What of the past two and a half years or so? It has been mostly more of the same except that the political cat-sparring stemming from the one-seat majority has become the newest national attraction. What the one-seat majority has done is to breathe a measure of animation into a previously comatose Parliament. These days, the television cameras are less able to expose the ‘sleepers.’ With so much at stake, particularly during those uproarious budget debates, every occupant of every seat in the Parliament must sing for his or her supper. The transformation has been spectacular though it would be interesting to see the results of a national poll that asks a singular question………how much difference has all of that made in real terms?
The matter of the executive not controlling the National Assembly has been an acute political humbug to the ruling party. It has griped and grumbled its way through the past thirty or so months, making no secret of its view that the
precedent which it must endure is an affront to its status as the party in power.
As far as the political opposition is concerned there is no question than that the one seat majority served to render political opposition more relevant inside the National Assembly and there are those who would contend that that is probably the only meaningful thing that November 2011 did for real democracy. The question that arises, however, is whether the change in the mathematics of the National Assembly has done anything to enhance democracy at the level of the quality of governance. After all these years of political independence is the will of the people anything more than a convenient political cliché?.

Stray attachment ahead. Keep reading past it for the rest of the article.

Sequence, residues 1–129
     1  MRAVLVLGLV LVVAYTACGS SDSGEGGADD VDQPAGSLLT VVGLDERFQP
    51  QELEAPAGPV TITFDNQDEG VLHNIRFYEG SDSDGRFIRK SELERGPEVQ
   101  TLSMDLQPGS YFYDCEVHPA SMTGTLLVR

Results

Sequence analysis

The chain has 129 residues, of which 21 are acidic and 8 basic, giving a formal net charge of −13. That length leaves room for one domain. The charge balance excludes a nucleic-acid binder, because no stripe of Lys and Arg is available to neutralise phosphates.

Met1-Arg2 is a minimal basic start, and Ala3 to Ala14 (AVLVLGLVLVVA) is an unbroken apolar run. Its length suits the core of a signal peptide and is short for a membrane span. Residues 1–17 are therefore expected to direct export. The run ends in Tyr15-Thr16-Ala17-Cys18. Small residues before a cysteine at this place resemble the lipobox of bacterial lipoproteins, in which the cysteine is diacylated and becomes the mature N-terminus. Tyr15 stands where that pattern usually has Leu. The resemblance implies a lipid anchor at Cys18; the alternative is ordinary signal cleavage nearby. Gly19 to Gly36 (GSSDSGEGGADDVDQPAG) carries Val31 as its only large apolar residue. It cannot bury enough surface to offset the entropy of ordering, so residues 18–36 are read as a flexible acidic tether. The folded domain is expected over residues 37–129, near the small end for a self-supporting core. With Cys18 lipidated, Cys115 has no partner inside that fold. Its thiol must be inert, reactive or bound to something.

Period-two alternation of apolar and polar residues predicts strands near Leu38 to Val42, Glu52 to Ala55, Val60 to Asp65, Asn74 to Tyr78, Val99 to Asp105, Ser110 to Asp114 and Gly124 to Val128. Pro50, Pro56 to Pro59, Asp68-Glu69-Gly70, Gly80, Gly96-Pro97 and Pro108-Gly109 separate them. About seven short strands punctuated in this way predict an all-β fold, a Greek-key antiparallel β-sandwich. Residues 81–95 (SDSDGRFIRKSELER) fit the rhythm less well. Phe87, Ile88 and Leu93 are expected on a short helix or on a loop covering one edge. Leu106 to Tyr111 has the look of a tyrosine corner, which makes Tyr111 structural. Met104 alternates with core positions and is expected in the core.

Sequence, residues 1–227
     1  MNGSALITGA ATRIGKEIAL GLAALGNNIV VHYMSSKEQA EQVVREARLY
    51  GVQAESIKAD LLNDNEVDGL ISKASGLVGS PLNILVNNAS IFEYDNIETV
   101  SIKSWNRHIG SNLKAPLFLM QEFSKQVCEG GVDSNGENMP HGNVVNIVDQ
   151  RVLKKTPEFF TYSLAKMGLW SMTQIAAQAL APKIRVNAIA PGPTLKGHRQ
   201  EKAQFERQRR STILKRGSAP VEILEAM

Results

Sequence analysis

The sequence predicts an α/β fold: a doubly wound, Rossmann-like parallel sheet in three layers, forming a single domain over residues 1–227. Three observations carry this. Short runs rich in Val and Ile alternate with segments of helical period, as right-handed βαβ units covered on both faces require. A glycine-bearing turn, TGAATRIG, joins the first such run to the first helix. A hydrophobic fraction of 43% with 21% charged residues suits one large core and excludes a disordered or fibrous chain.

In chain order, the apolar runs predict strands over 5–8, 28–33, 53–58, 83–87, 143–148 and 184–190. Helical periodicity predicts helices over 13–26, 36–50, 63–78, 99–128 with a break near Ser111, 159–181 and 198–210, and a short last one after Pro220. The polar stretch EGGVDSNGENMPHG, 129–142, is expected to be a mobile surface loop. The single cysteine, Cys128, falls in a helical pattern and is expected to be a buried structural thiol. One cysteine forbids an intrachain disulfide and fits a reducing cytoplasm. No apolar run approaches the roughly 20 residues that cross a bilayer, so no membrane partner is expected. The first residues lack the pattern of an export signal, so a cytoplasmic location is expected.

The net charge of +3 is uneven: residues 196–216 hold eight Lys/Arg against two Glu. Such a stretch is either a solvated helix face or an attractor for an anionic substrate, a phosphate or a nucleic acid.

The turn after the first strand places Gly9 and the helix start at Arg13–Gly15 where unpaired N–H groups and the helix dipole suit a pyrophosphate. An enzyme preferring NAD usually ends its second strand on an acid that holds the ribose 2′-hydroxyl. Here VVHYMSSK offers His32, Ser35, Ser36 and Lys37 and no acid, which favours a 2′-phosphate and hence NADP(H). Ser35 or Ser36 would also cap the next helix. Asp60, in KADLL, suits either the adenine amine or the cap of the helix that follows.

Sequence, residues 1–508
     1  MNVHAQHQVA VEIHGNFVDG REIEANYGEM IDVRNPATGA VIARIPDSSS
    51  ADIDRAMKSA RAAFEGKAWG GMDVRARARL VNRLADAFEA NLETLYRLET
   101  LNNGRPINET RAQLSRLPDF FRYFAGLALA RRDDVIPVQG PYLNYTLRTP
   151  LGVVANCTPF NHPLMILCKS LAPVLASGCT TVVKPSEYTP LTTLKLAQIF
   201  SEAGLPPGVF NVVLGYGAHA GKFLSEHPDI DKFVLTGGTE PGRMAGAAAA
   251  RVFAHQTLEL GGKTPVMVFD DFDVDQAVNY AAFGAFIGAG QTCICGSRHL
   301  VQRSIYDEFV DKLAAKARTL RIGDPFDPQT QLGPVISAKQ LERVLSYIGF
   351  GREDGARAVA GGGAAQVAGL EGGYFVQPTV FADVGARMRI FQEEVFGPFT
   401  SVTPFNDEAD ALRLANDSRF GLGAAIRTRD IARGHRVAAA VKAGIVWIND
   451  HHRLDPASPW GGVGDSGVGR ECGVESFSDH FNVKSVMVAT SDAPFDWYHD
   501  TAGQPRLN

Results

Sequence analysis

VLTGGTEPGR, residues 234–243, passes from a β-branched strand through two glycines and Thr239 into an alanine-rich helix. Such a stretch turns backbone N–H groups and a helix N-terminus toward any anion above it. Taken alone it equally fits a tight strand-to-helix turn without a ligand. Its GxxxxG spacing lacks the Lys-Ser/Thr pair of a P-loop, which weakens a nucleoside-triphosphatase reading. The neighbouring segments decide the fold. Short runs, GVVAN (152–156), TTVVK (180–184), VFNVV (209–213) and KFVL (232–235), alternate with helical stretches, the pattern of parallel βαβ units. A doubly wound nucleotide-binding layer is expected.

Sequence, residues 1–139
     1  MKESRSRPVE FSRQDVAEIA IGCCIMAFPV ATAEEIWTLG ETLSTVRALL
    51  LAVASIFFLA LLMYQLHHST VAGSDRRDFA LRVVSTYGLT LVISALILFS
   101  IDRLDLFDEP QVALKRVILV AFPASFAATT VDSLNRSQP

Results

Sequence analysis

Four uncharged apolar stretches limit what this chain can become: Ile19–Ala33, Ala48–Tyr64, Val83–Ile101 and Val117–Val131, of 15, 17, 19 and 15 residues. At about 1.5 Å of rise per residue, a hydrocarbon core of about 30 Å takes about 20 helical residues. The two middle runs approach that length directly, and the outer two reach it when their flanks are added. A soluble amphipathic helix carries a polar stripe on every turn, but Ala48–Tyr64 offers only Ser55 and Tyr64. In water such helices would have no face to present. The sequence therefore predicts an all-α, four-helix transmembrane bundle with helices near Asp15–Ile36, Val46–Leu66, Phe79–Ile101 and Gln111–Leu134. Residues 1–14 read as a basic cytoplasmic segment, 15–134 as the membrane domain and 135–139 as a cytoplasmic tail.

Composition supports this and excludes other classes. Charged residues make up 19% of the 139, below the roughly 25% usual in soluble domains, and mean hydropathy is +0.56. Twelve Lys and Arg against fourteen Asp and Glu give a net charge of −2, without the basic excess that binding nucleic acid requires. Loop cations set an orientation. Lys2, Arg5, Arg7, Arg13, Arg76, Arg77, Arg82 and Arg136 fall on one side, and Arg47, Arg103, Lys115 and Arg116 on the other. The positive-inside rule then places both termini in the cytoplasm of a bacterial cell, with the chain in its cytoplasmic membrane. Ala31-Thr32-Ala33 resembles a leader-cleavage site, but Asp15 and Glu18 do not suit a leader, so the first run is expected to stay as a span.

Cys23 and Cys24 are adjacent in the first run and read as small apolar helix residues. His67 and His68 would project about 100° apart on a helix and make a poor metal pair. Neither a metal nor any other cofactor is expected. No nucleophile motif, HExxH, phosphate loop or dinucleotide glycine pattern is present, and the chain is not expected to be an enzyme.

With political parties politics has always been about power and about control, in the first instance. It is hard for them to imagine it any other way and there are times when the contemporary reality has thrown up evidence of a measure of confusion on all political sides as to how to correctly behave in a National Assembly that functions under a regime that comes as close as it ever has to a democratic environment.
What conceals the real motive of our politicians is their possession of a language which they employ to provide what are, too often, false assurances. Sometimes the motive is downright deception.
On the government’s side there have been legal interventions to bring an end to budget cuts and threats of ‘snap elections’ to ask the electorate to restore the accustomed status quo. On the Opposition’s side there has been increasing evidence of an awareness of a new found relevance in the National Assembly and an understanding that their leverage allows for a somewhat greater evenness in the balance of power; though, sometimes, this is accompanied by a kind of bewilderment linked presumably to the newness of the experience.
The people, meanwhile, have long fashioned a political space of their own. Inside their ‘parliament’ of ceaseless chatter the discourse centres around myriad themes ……………like what is widely believed to be a nexus between politics and corruption; the rise of a drug-connected elite; astonishing evidence of affluence manifested in urban, high-rise buildings that give rise to conversations about money-laundering; crime and the woeful underperformance of the police; the seeming national passion for guns; the monotonous regularity of of murder: the maiming and killing of women; trafficking in humans and the abuse of children.